Next, there was growth in outsourced hosting. Email services, web services, development platforms, etc. – all left the control of the internal infrastructure and security groups for more specialized vendors who could do it better, faster, and usually cheaper. And this outsourcing was not limited to non-mission essential support services. It also included mission critical operational capabilities, like transaction processing, web banking, authentication, and others. At this point, critical services and infrastructure were outside the control of the enterprise infrastructure team and in the hands of ‘specialists’ delivering services based on Service Level Agreements (SLAs). Vendors of these services became subject to real risk assessments, real reporting requirements, and even regulatory compliance standards based on the type and location of their customers. The boundaries of the enterprise were getting harder and harder to define.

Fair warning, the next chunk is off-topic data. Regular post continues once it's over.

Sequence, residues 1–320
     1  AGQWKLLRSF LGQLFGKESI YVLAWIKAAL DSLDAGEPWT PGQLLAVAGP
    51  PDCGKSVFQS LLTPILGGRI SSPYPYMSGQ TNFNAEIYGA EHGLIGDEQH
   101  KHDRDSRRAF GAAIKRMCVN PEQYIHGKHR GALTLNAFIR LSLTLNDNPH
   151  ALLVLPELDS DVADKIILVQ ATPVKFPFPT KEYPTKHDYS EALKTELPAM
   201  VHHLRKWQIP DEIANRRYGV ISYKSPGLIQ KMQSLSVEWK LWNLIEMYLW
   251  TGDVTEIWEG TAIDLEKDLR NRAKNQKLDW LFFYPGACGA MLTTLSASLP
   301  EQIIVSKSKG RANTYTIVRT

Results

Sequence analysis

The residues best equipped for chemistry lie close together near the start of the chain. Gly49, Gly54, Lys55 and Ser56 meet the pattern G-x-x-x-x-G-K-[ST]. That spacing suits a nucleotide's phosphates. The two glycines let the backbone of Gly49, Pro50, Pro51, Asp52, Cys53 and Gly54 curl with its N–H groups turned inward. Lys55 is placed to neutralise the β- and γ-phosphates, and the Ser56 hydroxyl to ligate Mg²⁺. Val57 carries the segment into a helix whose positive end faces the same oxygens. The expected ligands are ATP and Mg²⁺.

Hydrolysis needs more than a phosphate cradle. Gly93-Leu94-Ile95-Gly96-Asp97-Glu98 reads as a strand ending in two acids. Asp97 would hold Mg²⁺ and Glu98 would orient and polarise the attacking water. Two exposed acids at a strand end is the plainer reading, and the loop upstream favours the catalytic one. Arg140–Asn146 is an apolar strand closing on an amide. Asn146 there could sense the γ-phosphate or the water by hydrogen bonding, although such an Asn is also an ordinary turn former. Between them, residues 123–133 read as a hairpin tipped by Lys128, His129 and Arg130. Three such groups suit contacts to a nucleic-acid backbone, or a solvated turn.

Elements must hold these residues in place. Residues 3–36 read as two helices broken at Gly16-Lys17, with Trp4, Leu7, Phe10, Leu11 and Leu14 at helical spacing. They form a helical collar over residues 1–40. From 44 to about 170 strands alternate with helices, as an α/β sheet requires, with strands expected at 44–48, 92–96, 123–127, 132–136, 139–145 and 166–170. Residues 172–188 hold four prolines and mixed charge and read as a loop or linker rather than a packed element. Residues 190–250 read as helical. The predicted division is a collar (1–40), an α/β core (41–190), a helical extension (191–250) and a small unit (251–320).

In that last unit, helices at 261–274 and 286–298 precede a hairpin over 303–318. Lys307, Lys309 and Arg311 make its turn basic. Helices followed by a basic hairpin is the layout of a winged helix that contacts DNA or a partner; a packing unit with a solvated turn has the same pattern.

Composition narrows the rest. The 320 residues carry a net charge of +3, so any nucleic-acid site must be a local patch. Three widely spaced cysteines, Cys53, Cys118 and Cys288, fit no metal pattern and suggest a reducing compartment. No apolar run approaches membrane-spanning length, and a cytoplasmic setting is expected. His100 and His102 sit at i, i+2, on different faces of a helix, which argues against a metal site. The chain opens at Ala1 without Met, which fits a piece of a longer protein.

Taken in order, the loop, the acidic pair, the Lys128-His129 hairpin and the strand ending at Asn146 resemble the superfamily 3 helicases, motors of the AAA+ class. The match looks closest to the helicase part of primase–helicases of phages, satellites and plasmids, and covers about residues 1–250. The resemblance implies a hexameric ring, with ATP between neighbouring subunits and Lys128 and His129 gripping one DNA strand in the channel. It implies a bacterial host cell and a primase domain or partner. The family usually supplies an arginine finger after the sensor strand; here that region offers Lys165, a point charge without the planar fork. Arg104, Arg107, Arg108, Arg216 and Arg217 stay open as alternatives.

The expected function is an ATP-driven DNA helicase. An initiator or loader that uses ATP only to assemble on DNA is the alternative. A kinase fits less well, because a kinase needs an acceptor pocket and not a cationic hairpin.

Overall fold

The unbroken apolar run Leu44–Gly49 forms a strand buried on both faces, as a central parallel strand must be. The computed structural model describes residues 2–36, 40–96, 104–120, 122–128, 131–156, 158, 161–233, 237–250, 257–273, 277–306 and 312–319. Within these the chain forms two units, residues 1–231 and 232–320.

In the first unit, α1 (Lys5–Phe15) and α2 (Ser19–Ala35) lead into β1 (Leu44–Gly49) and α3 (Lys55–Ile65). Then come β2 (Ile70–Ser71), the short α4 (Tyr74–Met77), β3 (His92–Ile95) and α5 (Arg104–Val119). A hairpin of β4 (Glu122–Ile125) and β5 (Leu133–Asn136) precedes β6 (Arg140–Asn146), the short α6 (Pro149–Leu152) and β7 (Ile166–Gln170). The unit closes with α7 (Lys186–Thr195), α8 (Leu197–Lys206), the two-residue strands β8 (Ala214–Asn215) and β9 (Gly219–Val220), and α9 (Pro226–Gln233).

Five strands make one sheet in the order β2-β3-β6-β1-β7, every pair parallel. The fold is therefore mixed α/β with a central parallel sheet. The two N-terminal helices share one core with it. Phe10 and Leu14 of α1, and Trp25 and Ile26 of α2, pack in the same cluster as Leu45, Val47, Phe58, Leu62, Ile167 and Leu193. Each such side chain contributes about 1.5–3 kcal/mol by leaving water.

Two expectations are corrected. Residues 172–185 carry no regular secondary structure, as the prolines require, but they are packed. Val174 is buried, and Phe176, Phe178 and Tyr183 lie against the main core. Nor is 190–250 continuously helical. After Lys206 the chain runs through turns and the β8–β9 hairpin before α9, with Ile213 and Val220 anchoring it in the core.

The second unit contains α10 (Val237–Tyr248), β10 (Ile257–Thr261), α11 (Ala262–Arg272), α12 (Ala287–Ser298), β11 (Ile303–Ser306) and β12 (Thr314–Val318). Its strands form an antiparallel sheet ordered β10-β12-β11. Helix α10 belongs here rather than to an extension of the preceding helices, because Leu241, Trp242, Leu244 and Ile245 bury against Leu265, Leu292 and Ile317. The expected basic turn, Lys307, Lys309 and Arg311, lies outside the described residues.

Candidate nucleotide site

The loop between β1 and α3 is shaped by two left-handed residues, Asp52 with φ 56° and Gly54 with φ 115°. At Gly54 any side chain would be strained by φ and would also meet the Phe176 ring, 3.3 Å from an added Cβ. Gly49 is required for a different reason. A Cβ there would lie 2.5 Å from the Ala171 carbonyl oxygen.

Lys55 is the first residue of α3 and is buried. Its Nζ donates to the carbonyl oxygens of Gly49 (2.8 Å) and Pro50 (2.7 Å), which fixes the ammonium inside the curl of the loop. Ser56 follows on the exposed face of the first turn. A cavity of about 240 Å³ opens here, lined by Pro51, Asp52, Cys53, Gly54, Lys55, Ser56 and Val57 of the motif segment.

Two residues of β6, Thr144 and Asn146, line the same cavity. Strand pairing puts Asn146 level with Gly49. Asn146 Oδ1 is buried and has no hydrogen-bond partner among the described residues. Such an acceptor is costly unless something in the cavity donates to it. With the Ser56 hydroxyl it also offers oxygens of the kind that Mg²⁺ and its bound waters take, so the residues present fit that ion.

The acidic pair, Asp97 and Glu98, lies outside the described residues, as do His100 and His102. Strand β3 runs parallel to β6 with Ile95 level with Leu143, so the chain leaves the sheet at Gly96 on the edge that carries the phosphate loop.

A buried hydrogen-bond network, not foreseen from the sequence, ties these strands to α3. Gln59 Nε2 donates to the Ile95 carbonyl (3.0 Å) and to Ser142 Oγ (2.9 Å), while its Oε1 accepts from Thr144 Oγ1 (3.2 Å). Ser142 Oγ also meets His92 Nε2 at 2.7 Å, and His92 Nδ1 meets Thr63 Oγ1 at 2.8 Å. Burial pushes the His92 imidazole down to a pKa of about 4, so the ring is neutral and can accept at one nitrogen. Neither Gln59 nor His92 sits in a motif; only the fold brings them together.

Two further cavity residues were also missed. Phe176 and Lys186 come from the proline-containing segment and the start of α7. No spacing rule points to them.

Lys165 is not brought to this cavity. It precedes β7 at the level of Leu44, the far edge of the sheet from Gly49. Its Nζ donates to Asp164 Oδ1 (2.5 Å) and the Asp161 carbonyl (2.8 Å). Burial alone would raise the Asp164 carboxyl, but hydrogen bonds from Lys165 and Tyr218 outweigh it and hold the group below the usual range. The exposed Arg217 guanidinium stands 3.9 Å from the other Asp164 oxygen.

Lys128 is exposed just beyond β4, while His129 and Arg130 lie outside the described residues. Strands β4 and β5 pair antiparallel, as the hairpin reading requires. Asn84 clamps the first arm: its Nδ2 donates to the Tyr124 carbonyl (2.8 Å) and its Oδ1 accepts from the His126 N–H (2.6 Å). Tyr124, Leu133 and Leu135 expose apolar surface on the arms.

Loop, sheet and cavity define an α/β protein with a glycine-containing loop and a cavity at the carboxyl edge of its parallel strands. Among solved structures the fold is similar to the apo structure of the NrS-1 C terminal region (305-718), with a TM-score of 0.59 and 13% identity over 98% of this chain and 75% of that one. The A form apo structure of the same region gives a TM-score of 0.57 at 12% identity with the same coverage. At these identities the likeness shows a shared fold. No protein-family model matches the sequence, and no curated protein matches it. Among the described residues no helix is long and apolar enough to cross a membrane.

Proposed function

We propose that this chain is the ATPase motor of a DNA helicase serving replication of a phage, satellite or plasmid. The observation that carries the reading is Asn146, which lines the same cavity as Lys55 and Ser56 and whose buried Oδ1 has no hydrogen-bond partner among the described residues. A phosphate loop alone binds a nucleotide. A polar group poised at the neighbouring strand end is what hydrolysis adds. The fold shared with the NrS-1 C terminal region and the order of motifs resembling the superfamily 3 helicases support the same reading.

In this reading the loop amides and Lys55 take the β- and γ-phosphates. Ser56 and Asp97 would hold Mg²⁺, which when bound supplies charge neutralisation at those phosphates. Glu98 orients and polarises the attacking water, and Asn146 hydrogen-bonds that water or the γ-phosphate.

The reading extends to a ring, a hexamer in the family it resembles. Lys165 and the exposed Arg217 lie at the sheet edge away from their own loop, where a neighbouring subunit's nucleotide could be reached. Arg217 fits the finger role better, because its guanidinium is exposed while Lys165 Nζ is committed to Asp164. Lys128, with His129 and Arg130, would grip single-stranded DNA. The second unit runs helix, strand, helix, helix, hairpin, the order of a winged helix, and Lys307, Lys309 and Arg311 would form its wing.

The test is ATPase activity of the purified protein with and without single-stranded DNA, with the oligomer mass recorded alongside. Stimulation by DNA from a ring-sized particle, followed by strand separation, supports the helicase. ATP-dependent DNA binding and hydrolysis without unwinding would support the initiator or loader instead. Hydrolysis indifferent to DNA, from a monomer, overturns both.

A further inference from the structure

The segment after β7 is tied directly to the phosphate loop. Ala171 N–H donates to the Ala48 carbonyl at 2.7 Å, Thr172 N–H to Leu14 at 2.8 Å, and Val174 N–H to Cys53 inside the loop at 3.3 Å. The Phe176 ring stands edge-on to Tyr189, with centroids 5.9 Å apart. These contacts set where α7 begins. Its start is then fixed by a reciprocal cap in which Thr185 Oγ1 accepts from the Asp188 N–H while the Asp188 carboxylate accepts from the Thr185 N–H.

Today, there’s Cloud Computing. It’s not as much of a new thing as it is a new name. It is the logical extension of the other outsourcing practices – allowing a provider to offer just about any service possible via the ‘cloud.’ Hosting? Check. Storage? Check. Platforms (CPUs)? Check. Security? Check. Authentication? Check.
Now where does the enterprise draw the boundary for its systems, services, critical assets and so on. There really is no boundary now. The ‘enterprise’ as it existed in the 1990s is a thing of the past. Now, the ‘extended enterprise’ is the focus of attackers, auditors, incident responders, and operations staff. Your enterprise is everywhere, impacted by events you can’t observe in networks you don’t control and into which you have no visibility. Add to that a reliance on protocols which were designed 30+ years ago (most of the IP suite) based on inherent trust with no real thought given to malicious actors or the need for strong authentication.